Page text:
Tuesday, July 11, 2006

The Best People To Run Singapore

Are scholars the best people to run Singapore, asked Seah Chiang Nee in his article published in Malaysia's Sunday Star.

Then Prime Minister Lee Kuan Yew enunciated the reliance on scholars some 40 years ago, based on the his assumption that academic achievement is the best criterion for good political leadership, as was practised in the system of Mandarin scholars during the days of imperial China.

The route to success in Lee's meritocracy starts with a scholarship from the Public Service Commission. The returning graduates from top universities worldwide are posted to key appointment in the civil service first, and then onto the commercially run statutory boards and government linked companies. Wherever they end up, they are compensated handsomely, and they are moved quickly up the organisational hierarchy until they reach the creme de la creme of postings, the Ministership.

Lee believed that, paid premium rates, these people will deliver, and to an extent there were some instances of how this has worked well in the past.

But not all business opportunities can be addressed by just relying on problem-solving technocrats or technically competent managers. Singapore's billionaire tycoon Quek Leng Beng claimed that scholar-managers might have cost some of his companies millions in lost opportunities.

"Some of my managers involve themselves in too much detail and are afraid to make mistakes," he told The Business Times. "One guy, a scholar with an impressive list of paper qualifications, used to hand me reports of at least 10 pages on anything I wanted. In turn, he demanded reports of at least 20 pages from his subordinates. So he had piles of reports on his table and when I asked him if he has time to read all these reports, he replied that he did not."

For each one of the failures exemplified by Quek's hire, there must be tens more sitting in high offices of the civil service and statutory boards, where they remain immune to critical assessment and protected by the vested interests of political patronage. Goh Chok Tong confessed to what the general public already knew, that the ruling party's political new blood were swept into parliament by manipulating the GRC system, which original intent was to ensure the minorities in Singapore's multi-racial melieu had a representation in government. Lee Kuan Yew himself had lay blame on the "viscereal" motivations of the electorate that they will only support candidates of their own racial genre. Goh was more candid: if the new political aspirants were not guaranteed a high (paying) office, they apparently had let it be known they will not stand on the PAP ticket. One of them, a CEO of the Port of Singapore Authorities (PSA), was actually approached ten times, according to PM Lee Hsien Loong himself, before she agreed to "stand for elections". Since the majority of these "candidates" did not have to fight for their place in parliament or receive any electoral votes from the ballot box, it is a rhetorical question the "mandate" they secured will be reflected in the relation with the constitutents on the ground.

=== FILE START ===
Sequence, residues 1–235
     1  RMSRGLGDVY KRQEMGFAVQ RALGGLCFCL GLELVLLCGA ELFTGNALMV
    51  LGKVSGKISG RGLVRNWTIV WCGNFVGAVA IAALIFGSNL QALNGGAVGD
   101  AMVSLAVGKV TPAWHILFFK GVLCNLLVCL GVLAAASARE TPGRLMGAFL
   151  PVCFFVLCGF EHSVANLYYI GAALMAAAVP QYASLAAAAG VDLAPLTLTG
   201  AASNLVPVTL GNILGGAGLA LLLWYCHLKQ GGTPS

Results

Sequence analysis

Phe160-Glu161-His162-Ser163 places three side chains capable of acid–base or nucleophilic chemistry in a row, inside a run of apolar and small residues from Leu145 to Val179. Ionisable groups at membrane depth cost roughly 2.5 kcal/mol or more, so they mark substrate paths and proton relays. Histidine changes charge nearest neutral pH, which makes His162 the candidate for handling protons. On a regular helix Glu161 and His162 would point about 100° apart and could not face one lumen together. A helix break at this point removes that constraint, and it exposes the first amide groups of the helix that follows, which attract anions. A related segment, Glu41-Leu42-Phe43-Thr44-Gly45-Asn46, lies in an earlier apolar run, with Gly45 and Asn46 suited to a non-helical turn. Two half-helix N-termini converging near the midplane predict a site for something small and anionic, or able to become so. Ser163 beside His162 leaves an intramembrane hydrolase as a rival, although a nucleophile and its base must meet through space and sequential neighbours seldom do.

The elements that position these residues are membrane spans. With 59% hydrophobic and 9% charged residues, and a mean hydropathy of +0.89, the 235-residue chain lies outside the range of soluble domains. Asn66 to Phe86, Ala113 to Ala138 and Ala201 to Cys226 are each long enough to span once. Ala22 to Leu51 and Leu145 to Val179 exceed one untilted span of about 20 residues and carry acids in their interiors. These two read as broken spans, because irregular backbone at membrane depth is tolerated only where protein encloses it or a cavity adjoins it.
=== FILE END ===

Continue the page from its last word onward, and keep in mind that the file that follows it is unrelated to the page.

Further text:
We are told, by Minister Mentor Lee Kuan Yew no less, that the ruling party co-opted all the best brains in Singapore. Yet the many strategy mishaps in the May elections, and continued mishandling of public sentiments in respect of grouses on rising costs of living and unemployment woes, will strain the credibility of this brainpower, or lack of it. K Bhavani, four times elected President of the Institute of Public Relations of Singapore (IPRS), singled handedly created the island's worst PR fiasco. Since she is the official Press Secretary of Minister for Information, Community and the Arts Lee Boon Yang, one must really wonder where the thinking stopped.

One of the state's better-known (retired) permanent secretaries, Ngiam Tong Dow, doesn't think too much about the PAP policy of putting all the scholars into the civil service. According to him, "This belief that a monopoly of talent is the way "to retain political power forever" was a short-term view. It is the law of nature that all things must atrophy."

Ngiam's proposition is worrying because it implies that Singapore today is in the controlling hands of atrophied Mandarins, and given that Lee Kuan Yew pronounced in the May 2006 elections that "you cannot chanage out a government through an election", what political options are there left for the Singapore citizenry?